Why Do You See ‘Window Flowers’ During Chinese New Year? (Photos)

    福 (Fu). (Image: Weixin.com)Fan with the 12 animals of the Chinese horoscope. (Image: Weixin.com)Two dragons. (Image: Weixin.com)Fan with 福 (Fu). (Image: Weixin.com)福 (Fu). (Image: Weixin.com)The words 福 (Fu). (Image: Weixin.com)A phoenix. (Image: Weixin.com)Fish also symbolize harmony, and marital happiness, as they multiply rapidly and sometimes swim in pairs. (Image: Weixin.com)

    You’ve probably noticed red paper cuttings like these celebrating Chinese New Year, but do you know what they mean?

    Paper cutting is an indispensable part of traditional Chinese culture, and originated from ancient activities for worshipping the ancestors and gods. These artworks are used to decorate walls and windows, which is why they are sometimes called “chuāng huā” (窗花), meaning Window Flower.

    One of the most important ideograms of this celebration is the character 福 (Fu), which stands for good fortune, blessings, and happiness.

    But why are they sometimes placed upside-down?

    History tells us that one Chinese New Year, a family unwittingly put their Fu upside down. On the first day of the festival, their first guest came to visit, saw the upside-down 福, and kindly shouted to them: “你们的福倒了!” or “Your Fu is upside down!”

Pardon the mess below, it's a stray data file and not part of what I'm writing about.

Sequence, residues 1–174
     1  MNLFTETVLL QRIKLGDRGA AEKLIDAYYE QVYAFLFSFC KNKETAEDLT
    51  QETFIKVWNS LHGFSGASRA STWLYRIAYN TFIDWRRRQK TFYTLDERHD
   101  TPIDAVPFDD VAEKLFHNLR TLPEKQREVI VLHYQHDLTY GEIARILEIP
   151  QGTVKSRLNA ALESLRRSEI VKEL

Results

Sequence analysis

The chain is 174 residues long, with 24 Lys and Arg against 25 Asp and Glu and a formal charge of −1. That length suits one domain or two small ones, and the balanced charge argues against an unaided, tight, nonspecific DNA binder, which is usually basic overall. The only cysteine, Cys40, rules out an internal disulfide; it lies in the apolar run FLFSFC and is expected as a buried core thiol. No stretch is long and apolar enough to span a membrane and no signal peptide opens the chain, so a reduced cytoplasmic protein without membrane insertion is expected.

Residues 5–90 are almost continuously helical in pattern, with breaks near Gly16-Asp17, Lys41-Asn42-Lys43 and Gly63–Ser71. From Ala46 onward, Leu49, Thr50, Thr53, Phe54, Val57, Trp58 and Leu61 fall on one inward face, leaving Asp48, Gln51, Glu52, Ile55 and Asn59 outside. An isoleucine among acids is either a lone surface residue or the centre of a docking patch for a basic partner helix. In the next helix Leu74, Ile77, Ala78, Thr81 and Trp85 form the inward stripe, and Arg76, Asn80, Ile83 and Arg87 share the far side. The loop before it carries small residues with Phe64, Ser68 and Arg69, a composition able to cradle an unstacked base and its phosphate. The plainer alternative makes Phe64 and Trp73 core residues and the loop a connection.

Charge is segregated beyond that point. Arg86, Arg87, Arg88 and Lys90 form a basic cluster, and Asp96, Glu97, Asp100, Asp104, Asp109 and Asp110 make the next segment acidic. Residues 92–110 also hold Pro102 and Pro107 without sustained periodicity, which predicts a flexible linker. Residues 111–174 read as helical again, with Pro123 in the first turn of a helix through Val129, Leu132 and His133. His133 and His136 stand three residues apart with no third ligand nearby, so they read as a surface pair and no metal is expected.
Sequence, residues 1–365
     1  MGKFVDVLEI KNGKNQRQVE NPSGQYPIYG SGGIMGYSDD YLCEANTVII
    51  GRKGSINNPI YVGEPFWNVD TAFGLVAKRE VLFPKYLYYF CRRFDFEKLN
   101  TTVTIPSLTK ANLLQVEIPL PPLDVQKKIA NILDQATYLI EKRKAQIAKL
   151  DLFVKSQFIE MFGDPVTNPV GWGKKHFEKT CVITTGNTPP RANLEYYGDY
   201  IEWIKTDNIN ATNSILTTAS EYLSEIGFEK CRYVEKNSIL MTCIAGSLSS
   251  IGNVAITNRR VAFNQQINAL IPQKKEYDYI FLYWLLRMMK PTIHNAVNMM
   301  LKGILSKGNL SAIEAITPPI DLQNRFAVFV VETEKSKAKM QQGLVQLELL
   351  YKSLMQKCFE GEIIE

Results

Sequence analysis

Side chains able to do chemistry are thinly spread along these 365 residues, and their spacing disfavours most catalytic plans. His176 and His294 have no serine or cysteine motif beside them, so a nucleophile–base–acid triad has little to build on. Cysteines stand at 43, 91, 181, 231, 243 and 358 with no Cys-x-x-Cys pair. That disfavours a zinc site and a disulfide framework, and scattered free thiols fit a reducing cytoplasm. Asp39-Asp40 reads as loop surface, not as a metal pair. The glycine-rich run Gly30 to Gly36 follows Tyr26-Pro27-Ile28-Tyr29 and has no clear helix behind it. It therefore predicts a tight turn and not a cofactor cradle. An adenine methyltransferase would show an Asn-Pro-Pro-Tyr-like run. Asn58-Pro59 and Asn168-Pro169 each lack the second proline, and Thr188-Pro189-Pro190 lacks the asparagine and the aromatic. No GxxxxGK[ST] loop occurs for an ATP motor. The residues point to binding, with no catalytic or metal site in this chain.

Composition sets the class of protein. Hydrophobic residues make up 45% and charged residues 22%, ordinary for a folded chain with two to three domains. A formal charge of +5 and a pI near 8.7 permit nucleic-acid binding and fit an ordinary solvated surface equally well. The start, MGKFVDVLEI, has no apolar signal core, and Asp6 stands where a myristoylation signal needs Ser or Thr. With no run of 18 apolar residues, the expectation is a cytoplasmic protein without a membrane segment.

Although 倒 (dao/daoww) means “upside down,” it has the same pronunciation as 到 (dao/daoww), which means “to arrive.”

    So “你们的福倒了” could also be understood as: “Your Fu (blessing) has arrived.” (你们的福到了).

    People liked the alternative meaning so much that they started fixing their Fu decorations upside down to “invoke” the arrival of blessings.

    You can take a look at more of this wonderful art in this video:

    Get in on the party and enjoy the Chinese New Year even more this year with the Chinese New Year Festival & Party Guide.

    Chinese New YearPlease share this link with your friends, family and colleagues.
    Happy New Year and Good Luck! May all your wishes come true!


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